Almost five years ago I attended the Willamette Writers Conference. I was a new writer and eager to see what a conference had to offer and was ready to experience everything. One of the things I wanted to take advantage of was a manuscript critique.
For a small fee, a writer could send twenty pages of the manuscript he or she was working on and receive a professional one on one critique while at the conference. I looked over the bios of the professionals participating and chose two; a writing coach who has had articles published in writing magazines and an award winning author. I was interested in how the critiques would differ due to the differences in backgrounds of the two professionals. Two months before the conference was to be held I mailed off two copies of the first twenty pages of the manuscript I was working on at the time, then waited.
At the conference, my first appointment was with the writing coach. She was professionally dressed and had a serious demeanor that matched her serious looking briefcase. As I sat before her I had an eerie feeling of being back in school and waiting to see what grade I received on my paper. As she set my manuscript pages in front of me, I saw they were awash in red ink. Yep, I thought, I got an F.
The words "cliché," "rewrite," "tighten," and "stating the obvious," were scrawled more than once on every page. There were numerous lines and words crossed through and many short comments in the margins about things that were wrong, including the last name of one of my main characters (Porter was too similar to Potter). She also gave me a page and a half letter listing everything I did incorrectly, making sure it was filled with enough literary and grammatical jargon that left me feeling I was trying to enter a world where I did not belong. Out of the twenty pages I gave to her there was only one positive comment — next to the last sentence of chapter one was written "good hook."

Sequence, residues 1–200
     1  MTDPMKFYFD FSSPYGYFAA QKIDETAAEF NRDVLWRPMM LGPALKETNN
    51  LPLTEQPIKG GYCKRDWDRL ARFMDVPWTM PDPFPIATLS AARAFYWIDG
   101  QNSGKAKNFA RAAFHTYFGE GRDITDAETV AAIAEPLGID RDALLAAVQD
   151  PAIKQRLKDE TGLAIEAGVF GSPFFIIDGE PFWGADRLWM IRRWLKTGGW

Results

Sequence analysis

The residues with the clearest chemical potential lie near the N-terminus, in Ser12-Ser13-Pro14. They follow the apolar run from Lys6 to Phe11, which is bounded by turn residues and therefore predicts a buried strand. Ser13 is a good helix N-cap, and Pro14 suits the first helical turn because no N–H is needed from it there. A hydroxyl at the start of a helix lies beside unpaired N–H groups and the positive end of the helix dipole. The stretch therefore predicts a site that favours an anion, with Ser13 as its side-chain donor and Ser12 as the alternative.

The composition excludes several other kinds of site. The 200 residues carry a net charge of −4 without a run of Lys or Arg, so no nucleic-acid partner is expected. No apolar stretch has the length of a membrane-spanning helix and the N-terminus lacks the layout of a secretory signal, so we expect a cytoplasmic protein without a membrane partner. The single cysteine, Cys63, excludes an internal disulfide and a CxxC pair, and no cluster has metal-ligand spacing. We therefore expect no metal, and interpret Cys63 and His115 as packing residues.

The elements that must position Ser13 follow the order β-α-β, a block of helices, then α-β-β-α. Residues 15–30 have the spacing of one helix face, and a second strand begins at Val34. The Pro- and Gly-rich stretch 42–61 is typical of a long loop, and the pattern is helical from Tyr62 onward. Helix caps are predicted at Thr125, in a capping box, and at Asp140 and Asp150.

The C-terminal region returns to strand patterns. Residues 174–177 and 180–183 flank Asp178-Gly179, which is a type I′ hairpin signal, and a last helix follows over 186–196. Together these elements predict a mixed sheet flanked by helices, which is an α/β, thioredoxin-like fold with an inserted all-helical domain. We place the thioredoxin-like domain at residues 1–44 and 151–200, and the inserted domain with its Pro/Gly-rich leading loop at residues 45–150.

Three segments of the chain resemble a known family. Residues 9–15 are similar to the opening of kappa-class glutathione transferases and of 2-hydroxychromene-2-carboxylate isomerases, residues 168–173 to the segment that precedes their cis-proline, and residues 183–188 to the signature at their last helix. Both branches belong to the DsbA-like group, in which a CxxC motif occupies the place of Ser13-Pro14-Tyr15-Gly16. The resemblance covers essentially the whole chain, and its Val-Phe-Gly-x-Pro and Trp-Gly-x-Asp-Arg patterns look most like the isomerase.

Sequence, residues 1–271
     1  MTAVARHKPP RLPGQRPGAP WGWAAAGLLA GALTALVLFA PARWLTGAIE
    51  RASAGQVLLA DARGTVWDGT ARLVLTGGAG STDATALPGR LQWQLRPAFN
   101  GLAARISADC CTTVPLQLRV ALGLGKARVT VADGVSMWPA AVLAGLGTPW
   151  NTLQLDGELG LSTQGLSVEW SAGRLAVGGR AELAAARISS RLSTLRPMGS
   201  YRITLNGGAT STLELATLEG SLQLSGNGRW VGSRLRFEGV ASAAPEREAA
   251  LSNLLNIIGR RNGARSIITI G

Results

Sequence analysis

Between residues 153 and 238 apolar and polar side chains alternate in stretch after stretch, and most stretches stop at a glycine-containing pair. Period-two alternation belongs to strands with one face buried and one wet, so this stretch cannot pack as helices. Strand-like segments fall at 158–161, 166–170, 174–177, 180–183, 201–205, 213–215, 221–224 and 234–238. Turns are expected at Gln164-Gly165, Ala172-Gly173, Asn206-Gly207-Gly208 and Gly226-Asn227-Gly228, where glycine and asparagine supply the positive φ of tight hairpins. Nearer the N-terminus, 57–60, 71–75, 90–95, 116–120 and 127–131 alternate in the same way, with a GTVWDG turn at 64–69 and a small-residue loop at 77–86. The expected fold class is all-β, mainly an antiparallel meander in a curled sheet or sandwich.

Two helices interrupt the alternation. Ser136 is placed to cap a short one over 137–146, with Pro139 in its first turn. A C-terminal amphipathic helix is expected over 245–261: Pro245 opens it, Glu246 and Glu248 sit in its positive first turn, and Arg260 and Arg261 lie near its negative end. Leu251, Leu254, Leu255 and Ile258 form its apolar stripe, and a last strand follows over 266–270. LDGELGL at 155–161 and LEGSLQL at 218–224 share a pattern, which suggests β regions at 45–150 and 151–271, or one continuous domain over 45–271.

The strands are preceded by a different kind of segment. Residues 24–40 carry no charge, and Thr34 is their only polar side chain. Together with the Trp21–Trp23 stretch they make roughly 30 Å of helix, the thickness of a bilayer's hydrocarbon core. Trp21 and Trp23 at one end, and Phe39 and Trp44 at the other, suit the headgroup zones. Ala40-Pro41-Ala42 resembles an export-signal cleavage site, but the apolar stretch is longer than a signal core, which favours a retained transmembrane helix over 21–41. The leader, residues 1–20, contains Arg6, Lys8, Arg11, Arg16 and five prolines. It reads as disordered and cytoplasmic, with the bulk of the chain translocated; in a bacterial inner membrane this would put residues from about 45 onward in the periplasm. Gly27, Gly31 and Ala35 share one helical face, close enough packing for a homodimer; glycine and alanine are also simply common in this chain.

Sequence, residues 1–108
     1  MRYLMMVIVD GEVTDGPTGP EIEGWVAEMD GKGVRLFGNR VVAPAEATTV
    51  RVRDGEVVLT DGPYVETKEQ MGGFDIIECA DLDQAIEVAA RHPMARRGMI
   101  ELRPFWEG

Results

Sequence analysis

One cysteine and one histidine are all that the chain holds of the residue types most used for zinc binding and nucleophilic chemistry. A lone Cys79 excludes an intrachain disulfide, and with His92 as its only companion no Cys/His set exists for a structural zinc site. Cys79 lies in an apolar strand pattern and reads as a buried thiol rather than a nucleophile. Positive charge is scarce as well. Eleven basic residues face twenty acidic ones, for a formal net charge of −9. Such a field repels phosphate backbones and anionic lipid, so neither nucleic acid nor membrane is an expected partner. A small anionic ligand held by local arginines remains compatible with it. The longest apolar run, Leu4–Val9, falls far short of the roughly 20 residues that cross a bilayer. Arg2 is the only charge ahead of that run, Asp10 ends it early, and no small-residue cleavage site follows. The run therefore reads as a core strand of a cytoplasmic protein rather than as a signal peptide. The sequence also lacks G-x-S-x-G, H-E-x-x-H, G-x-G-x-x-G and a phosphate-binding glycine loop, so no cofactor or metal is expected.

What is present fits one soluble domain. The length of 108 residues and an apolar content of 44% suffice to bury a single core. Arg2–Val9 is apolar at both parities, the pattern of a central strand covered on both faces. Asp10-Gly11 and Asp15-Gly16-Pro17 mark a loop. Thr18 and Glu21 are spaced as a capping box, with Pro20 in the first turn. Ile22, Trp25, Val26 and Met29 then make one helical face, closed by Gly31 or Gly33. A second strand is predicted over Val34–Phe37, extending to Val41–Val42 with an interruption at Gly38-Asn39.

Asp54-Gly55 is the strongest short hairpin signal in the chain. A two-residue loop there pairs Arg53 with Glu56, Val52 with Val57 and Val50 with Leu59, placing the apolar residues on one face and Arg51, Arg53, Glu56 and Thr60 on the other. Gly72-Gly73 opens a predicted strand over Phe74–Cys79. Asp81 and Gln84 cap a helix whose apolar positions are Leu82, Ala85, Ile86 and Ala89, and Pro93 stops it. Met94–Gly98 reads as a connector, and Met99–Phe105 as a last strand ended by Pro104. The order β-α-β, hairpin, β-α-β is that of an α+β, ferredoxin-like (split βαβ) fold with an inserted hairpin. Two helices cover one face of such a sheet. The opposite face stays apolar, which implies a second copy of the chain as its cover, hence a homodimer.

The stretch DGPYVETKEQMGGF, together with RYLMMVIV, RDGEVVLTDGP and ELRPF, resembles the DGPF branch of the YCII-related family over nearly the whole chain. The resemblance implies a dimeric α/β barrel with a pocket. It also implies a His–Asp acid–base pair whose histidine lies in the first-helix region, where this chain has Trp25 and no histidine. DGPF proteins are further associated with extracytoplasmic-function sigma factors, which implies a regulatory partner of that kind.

The next day I was scheduled for my second critique. I was a little down from the critique the day before and braced myself for what this award winning author would say about my writing. I found my apprehension disappearing as soon as I sat down with her.
She was relaxed and casual, dressed in blue jeans and offered me a cookie when I arrived. The first thing she asked me is how long I'd been writing. I told her about a year and a half. She said, "Good. If you said ten years, then we'd have a problem." As opposed to the writing coach who focused solely on the work before her, this person wanted to focus on me and where I was in my writing development. The work was secondary.
My manuscript pages were marked sparingly with blue ink, and for every problem she pointed out there was an equal measure of what I did well. Both usually punctuated with smiley faces. She included a separate four page letter explaining in plain language how I could address some of the issues that were present and gave examples of what that would look like. Her goal was to give me advice that I could utilize in all my writing, not just this piece. I came away from this critique energized and ready to implement her suggestions.
While I found both critiques valuable, it took me months before I was able to look at the critique notes from the writing coach. For me a helpful critique is balanced. As a new writer I needed to know what I was doing right as well as what I needed to work on. Too often there is confusion between giving criticism and giving a critique. Criticism is focusing only on what isn't working. A critique is balanced between positives and negatives in order to give a writer a complete picture of his or her work. And a few smiley faces thrown in never hurts either!